From the moment the first trailer for Marvel Studios’ Black Panther was released, we knew we were getting something special.
Sitting in the theater as T’Challa, Shuri and the Dora Milaje go to the waterfall to greet the other tribes was a transformative experience. It’s one of those timeless films where you find something new to love every time you watch. Now Disney and Penguin Random House will examine the impact and influence of the movie in the new book Dreams of Wakanda. It’s scheduled for release in September, just in time to relive all your favorite moments before the sequel Black Panther: Wakanda Forever hits theaters on Nov. 11
Per Disney and Penguin Random House, Dreams of Wakanda features “a collection of all-new personal essays and reflections that shed light on its monumental impact. With firsthand stories from artists involved in the film, cultural analysis from journalists and academics, and thoughtful insights from writers and comics legends, each contributor brings their unique expertise and experience to explore the film’s significance from every angle.”
Among those offering behind the scenes insights into the movie is Oscar-winning costume designer Ruth E. Carter; Yona Harvey, contributor on the comics Black Panther: World of Wakanda and Black Panther & the Crew; Frederick Joseph, author, former The Root contributor and creator of the #BlackPantherChallenge, which encouraged others to buy out theaters so kids could see the movie; as well as a foreword from author and podcaster Nic Stone.
The success of Black Panther wasn’t just about the idea of a Black superhero joining the Marvel Cinematic Universe, it was the beautifully epic way Wakanda was portrayed. Yes, it’s a fictional country, but we all know that Africa isn’t usually given that dignity and respect on-screen. It’s always this war-torn place full of unfeeling soldiers, terrorists and crazy warlords plotting to take over.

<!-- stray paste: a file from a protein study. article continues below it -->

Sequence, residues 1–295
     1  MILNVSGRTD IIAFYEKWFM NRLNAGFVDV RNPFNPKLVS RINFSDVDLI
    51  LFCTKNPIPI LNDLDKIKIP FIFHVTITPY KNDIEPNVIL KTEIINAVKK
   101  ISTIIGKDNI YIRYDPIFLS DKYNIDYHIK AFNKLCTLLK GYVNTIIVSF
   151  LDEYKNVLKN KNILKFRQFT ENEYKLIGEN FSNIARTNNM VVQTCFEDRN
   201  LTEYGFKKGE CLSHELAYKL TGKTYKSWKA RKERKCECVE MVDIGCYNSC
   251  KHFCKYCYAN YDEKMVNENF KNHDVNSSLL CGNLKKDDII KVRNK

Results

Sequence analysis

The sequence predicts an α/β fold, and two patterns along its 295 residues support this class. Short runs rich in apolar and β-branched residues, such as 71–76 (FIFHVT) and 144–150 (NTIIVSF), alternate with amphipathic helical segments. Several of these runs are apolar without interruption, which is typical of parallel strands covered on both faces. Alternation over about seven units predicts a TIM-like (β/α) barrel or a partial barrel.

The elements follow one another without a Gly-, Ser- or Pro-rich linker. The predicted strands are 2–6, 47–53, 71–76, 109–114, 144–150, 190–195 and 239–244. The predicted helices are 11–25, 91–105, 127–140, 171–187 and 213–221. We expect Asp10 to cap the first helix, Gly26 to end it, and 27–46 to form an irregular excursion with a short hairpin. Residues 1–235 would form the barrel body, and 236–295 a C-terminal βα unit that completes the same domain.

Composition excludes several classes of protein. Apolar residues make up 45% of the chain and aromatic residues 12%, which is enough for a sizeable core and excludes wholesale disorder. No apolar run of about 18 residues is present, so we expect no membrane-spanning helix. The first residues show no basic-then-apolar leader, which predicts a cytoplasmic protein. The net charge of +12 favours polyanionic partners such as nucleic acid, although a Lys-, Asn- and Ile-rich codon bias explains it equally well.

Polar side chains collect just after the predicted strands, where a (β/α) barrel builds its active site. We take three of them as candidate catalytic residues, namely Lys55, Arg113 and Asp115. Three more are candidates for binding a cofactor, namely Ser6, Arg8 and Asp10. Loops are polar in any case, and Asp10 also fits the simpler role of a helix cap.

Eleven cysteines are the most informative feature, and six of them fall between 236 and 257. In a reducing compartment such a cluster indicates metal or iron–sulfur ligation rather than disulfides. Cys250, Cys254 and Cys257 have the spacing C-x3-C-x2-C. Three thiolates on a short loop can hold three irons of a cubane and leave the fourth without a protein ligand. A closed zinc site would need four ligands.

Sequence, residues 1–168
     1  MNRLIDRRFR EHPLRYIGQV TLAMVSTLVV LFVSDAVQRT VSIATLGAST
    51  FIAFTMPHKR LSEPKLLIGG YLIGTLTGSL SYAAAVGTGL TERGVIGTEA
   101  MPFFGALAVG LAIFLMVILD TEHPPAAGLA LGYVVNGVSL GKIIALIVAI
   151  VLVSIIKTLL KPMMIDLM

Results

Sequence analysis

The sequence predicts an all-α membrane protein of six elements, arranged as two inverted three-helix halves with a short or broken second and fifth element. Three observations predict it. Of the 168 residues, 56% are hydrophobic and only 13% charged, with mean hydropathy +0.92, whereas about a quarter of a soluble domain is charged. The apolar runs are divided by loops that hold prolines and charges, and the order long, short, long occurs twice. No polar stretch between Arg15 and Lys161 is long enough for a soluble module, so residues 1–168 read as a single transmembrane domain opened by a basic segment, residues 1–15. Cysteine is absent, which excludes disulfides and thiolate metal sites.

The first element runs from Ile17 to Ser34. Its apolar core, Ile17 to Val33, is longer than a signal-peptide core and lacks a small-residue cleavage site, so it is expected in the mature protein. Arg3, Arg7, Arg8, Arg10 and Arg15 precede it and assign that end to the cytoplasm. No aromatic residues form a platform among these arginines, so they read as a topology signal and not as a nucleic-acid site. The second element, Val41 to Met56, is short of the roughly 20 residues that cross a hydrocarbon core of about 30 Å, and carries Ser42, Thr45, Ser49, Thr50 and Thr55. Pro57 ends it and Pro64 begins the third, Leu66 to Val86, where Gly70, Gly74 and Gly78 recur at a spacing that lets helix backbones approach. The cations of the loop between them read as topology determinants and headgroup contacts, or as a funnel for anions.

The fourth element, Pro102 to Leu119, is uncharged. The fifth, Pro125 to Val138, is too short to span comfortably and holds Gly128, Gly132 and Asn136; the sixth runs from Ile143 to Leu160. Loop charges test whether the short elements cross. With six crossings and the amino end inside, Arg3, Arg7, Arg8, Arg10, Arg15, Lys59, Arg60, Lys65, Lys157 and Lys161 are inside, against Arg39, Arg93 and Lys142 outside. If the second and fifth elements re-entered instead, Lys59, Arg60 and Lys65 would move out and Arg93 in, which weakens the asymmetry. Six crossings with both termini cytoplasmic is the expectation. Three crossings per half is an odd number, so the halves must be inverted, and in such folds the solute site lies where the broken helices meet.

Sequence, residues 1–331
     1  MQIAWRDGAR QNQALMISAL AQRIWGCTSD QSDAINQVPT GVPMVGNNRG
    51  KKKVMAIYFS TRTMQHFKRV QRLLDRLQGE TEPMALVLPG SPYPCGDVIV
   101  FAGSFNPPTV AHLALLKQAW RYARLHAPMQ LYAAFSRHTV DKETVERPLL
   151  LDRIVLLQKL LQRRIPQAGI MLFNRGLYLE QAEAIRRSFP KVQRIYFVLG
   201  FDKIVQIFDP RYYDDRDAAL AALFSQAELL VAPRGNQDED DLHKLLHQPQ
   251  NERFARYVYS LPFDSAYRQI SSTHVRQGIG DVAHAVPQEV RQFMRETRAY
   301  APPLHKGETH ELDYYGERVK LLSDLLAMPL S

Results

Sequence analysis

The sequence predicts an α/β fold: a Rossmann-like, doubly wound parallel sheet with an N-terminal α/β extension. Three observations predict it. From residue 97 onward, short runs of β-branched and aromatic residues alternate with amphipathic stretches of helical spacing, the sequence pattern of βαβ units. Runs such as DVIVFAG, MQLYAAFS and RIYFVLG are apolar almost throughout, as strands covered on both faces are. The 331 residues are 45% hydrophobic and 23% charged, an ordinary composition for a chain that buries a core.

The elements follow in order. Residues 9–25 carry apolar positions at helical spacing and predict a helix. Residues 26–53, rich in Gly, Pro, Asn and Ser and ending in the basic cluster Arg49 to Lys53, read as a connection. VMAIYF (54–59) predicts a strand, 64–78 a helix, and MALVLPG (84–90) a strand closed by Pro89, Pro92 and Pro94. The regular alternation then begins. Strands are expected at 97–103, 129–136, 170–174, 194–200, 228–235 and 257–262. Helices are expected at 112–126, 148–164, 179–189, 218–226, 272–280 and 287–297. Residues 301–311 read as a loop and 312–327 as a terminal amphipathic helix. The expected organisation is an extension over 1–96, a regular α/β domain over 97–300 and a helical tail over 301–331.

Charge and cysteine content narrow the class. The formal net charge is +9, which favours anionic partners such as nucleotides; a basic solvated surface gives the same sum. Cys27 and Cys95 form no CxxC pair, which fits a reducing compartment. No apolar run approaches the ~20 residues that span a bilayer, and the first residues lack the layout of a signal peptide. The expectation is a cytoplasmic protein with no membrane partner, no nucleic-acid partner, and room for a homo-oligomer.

To see this technologically advanced country that still had a deep love for its history was so emotionally overwhelming. Those feelings, which many of us have been waiting our whole lives to experience, deserve to be celebrated for the game-changing moments they are.
In conjunction with the book’s release, Disney and Penguin Random House will donate books to First Book and Books for Africa. Disney is donating $1 million worth of books to First Book, while Penguin Random House will give $100,000 of its titles to Books for Africa.
Dreams of Wakanda is set for release in September and Black Panther: Wakanda Forever hits the big screen Nov. 11.
Dreams of Wakanda Full Contributor List:
- Ruth E. Carter, award-winning costume designer, Black Panther and Black Panther: Wakanda Forever
- Yona Harvey, Award-winning poet, Contributor to Marvel Comics’ Black Panther: World of Wakanda and Black Panther & the Crew
- Aaron C. Allen, professor of the Roger Williams University course, “Wakanda Forever: The Racial Politics in Marvel Studios’ Black Panther”
- Tre Johnson, writer and journalist on issues of race, culture, and politics
- Hannah Giorgis, culture writer, The Atlantic
- Gil Robertson, Founder and CEO of the African American Film Critics Association (AAFCA)
- Frederick Joseph, award-winning author, activist, and educator, creator of the #BlackPantherChallenge
- Maurice Broaddus, writer, community organizer, teacher, and contributor to Black Panther: Tales of Wakanda
- Marlene Allen Ahmed, Associate Professor of English Literature, United Arab Emirates University
- Suyi Davies Okungbowa, author and contributor to Black Panther: Tales of Wakanda
- Arvell Jones, comics artist, Marvel Comics and DC Comics
- Dwayne Wong Omowale, Pan-African activist and author